Smooth Loop-Like Mitochondrial Nucleus in the Primitive Red Alga <i>Cyanidioschyzon merolae</i> Revealed by Drying Treatment

  • Kuroiwa Tsuneyoshi
    Department of Chemical and Biological Science, Japan Women’s University
  • Yagisawa Fumi
    Center for Research Advancement and Collaboration, University of the Ryukyus
  • Fujiwara Takayuki
    Department of Gene Function and Phenomics, National Institute of Genetics
  • Misumi Osami
    Department of Biological Science and Chemistry, Faculty of Science, Yamaguchi University
  • Nagata Noriko
    Department of Chemical and Biological Science, Japan Women’s University
  • Imoto Yuuta
    Department of Cell Biology, Johns Hopkins University School of Medicine
  • Yoshida Yamato
    Department of Biological Sciences, Graduate School of Science, The University of Tokyo
  • Mogi Yuko
    Department of Biological Sciences, Graduate School of Science, The University of Tokyo
  • Miyagishima Shin-ya
    Department of Gene Function and Phenomics, National Institute of Genetics
  • Kuroiwa Haruko
    Department of Chemical and Biological Science, Japan Women’s University

Abstract

<p>It is thought that mitochondria were generated by the symbiosis of autonomous α-proteobacteria and a eukaryote-like organism derived from an archaeon of the species Sulfolobus. Soon after the symbiosis, most of the genome of the α-proteobacterium, which was required for autonomy, was lost. Many genes were transferred into the host genome. However, a small amount of DNA—the mitochondrial genome (mt-genome, mtDNA)—remained in the symbiotic organelle. The primitive eukaryotic cells increased the mtDNA copy number and formed a mitochondrial nucleus (mt-nucleus). The primitive unicellular eukaryote evolved into organisms with one mitochondrion containing multiple mtDNA copies per cell, and organisms with multiple mitochondria with a small number of mtDNA copies in each cell. There have been many studies on the mitochondria and mt-genomes of amoeba, plants, and animals which contain many mitochondria per cell, but only a few studies have reported morphological characteristics of the mitochondria and their genomes in primitive unicellular organisms that have only a single mitochondrion per cell. Here, we show that centrally located mt-nuclei in the primitive red alga Cyanidioschyzon merolae form smooth rings following the application of a drying method that produces slight cell swelling. We discuss regulatory mechanisms for genome function in endosymbiotic organelles on the basis of the differences between the copy number of mtDNA in smooth-ring shaped mt-nuclei and plastid DNA in bead-shaped plastid nuclei.</p>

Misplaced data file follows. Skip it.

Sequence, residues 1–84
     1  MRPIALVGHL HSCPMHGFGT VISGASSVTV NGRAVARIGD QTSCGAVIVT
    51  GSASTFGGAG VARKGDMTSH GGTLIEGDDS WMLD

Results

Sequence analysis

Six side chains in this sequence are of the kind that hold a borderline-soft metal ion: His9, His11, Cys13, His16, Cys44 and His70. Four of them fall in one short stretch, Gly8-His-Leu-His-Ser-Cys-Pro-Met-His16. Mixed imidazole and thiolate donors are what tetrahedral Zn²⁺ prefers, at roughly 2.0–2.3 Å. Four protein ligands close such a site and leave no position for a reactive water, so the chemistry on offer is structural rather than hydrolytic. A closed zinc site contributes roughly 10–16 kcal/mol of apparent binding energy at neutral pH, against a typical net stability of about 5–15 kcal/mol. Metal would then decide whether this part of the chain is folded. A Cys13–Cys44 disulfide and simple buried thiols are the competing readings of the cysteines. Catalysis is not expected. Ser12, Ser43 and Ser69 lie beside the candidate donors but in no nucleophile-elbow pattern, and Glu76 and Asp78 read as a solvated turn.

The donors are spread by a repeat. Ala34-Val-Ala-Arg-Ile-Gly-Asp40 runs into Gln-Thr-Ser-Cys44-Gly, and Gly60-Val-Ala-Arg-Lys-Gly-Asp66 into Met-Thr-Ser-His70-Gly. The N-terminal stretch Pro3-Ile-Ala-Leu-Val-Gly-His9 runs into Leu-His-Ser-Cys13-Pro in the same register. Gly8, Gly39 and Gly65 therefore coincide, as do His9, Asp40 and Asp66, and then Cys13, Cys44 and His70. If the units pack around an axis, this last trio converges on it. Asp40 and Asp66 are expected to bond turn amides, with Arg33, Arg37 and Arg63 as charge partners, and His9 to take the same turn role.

Journal

  • CYTOLOGIA

    CYTOLOGIA 86 (1), 89-96, 2021-03-25

    Japan Mendel Society, International Society of Cytology

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